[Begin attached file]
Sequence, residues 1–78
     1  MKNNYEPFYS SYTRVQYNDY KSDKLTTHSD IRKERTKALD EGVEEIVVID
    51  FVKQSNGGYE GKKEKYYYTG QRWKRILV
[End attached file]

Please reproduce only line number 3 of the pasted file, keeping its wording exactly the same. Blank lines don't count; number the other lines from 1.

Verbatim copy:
    51  FVKQSNGGYE GKKEKYYYTG QRWKRILV